When two brothers were walking near a reservoir in a small town in northern Japan, one noticed something peculiar in the ground. The brothers collected a few of the intriguing pieces and took them to paleontologists at a nearby university.
The pieces turned out to be fossils of the oldest bird ever found in Japan: an ancient, toothed, diving bird whose species had never been identified by science.
The new species, named Chupkaornis keraorum, belonged to a group of ancient birds, hesperorinthiforms, that were flightless, expert water divers during the Cretaceous.[Avian Ancestors: Dinosaurs That Learned to Fly (Gallery)]
Chupkaornis,scientists estimate, lived between 90 million and 84 million years ago, when dinosaurs roamed the Earth. It is the "best-preserved" specimen of this kind of bird from Asia, and the first hesperorinthiform found from the eastern part of the Eurasian continent, according to astudy published Tuesday (Aug. 8) in the Journal of Systematic Palaeontology.
"There has never been a bird likethis found in Japan before. It's exciting any time you can put a new dot on themap," Anthony Fiorillo, curator and vice president of research and collections at the Perot Museum of Nature and Science in Dallas, told Live Science. "It's really helping us understand the global distribution of a widespread group of birds. And it helps us understand their early evolution."
Fiorillo, who was a co-author of the study, told Live Science that the bird was the size of a "good-sized duck" and gobbled up fish, which it dove for and captured using its sharp teeth. The bird's fossil featured powerful hind limbs and somewhat skimpy forelimbs, suggesting that the bird was made for the water and spent minimal time on shore laying eggs.
"Their strong suit was swimming and diving, not walking, so if one was unfortunate enough to be too far from water when a theropod wandered by, it could very well have become dinosaur food," Fiorillo said.
Scientists have known about hesperorinthiforms since the late 19th century, when a Yale University paleontologist came across the remains of one of the birds in Kansas (an inland sea covered middle America during the Cretaceous). Since then, several specimens of the ancient diving bird have been found in the Northern Hemisphere, particularly in North America, but rarely in Asia.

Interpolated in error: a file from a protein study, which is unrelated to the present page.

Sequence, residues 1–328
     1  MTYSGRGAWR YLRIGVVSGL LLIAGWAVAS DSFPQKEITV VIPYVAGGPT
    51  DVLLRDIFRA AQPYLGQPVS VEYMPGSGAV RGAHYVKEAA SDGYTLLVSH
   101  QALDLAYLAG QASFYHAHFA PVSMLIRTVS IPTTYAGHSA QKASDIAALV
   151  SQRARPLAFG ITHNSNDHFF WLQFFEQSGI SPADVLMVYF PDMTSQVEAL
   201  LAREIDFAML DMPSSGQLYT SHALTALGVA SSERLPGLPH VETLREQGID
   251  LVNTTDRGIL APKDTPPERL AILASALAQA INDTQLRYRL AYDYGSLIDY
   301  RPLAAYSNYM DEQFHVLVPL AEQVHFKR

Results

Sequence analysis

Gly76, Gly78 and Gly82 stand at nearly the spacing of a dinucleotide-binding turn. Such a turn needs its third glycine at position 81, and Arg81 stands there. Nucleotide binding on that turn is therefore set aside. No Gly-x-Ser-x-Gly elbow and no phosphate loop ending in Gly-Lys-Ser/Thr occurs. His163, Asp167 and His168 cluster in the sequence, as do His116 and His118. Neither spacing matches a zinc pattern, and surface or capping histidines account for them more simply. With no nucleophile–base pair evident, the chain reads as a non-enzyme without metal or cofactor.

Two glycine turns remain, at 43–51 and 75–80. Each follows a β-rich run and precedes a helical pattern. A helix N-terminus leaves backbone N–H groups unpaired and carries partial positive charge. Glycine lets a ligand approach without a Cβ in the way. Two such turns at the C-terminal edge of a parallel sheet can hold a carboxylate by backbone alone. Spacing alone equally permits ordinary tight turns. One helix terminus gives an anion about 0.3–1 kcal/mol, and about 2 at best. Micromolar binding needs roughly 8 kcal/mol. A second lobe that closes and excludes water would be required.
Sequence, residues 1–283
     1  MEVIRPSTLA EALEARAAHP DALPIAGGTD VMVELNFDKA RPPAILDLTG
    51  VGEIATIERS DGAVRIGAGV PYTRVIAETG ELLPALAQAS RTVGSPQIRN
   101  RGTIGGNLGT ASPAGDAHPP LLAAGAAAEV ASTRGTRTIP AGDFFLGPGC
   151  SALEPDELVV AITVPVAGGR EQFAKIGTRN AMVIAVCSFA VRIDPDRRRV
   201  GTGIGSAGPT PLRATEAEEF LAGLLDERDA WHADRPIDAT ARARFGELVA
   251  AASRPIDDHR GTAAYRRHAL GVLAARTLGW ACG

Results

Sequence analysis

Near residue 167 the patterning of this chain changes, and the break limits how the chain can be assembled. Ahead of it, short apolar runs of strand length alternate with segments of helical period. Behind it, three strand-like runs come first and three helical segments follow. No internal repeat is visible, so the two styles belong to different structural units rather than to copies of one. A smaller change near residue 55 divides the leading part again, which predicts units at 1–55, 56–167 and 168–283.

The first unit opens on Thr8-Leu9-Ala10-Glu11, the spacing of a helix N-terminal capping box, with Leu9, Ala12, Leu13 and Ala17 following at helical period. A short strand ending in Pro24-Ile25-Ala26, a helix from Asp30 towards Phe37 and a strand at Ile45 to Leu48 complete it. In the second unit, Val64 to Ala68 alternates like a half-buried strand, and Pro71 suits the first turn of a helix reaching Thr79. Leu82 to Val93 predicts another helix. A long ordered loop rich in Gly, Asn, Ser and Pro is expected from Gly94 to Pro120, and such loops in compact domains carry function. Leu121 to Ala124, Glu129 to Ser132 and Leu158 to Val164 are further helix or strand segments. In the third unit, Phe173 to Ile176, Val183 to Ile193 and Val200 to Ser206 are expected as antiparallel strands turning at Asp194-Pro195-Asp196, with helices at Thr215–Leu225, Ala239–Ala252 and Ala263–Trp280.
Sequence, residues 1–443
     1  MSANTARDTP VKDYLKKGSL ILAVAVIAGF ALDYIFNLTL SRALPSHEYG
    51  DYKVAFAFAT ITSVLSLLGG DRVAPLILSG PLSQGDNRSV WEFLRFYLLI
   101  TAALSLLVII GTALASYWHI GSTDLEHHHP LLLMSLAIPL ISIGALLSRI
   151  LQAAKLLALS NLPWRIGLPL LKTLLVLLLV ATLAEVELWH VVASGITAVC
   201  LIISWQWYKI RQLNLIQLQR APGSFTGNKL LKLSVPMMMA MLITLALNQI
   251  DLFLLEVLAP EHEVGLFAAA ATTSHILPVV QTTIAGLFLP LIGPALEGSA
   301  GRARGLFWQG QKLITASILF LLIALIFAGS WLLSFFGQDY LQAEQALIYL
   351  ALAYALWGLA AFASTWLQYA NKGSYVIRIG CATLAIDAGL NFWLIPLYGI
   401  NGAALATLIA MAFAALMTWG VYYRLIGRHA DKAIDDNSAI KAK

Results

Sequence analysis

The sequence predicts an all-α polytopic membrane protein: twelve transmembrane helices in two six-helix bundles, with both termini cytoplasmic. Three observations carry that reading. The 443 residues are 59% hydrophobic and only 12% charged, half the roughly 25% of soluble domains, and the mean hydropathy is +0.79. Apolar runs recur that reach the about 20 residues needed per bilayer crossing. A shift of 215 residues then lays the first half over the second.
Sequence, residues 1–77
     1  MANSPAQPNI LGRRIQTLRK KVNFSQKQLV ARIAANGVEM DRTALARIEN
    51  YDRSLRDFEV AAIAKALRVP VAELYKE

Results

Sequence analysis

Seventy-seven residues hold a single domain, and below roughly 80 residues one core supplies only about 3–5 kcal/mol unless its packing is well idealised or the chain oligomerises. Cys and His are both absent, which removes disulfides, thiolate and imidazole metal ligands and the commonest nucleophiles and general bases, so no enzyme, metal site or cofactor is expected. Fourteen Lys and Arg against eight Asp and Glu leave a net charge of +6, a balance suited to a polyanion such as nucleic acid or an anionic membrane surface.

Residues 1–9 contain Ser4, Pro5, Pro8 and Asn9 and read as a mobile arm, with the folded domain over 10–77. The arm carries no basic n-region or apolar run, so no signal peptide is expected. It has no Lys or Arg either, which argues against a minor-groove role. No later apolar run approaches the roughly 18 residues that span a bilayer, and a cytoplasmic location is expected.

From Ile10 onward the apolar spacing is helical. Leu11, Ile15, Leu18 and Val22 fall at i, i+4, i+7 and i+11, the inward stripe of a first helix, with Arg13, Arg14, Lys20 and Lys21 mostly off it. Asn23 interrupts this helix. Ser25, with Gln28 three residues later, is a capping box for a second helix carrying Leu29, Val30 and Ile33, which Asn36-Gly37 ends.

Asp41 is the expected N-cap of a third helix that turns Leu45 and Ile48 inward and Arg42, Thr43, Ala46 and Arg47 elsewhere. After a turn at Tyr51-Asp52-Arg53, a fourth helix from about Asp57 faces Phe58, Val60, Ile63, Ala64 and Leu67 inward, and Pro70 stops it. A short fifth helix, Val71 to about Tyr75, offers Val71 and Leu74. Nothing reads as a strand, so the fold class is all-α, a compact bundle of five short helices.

The discovery of Chupkaornis, the oldest known Asian hesperornithiform, suggests that these birds dispersed to the eastern edgesof Asia no later than 90 million to 84 million years ago, the researchers said.
"This study provides [a] better understanding in[to] the early evolution of this group and the origin of diving in birds," lead author Tomonori Tanaka, said in a statement. Tanaka is a doctoral student in the Department of Natural History Sciences at Japan's Hokkaido University. [Photos: Mummified Bird Wings Preserved in Amber]
The specimen, which was found in 1996, consists of nine fossilized remains, including vertebrae and femur fragments. An earlier abstract, published in 2000 in Japanese, described the fossil but had not dated it as precisely. Chupkaornis keraorumis named after its unique location and its discoverers. "Chupka" is the word used by indigenous people from Hokkaido for "eastern,"and "keraorum" is named after Masatoshi and Yasuji Kera, who foundthe specimenduring their walk.
Fiorillo pointed out that big paleontological discoveries are often made by everyday people who bring specimens to local universities or museums. He said that one of the most significant fossils in the Perot Museum was found by a "regular" guy who liked to explore an old riverbed near Lake Grapevine, in Texas. That fossil turned out to represent Flexomornis howei and is among the oldest known fossilized bird remains in North America.
"There's a lot of rock on this planet, and there really aren't that many paleontologists. But there are a lot of curious people around," Fiorillo said. "And no matter what country you're in, people are curious about where they live."
Chupkaornis keraorumis currently held in a collection of the Mikasa City Museum in Hokkaido, Japan.
Originally published on Live Science.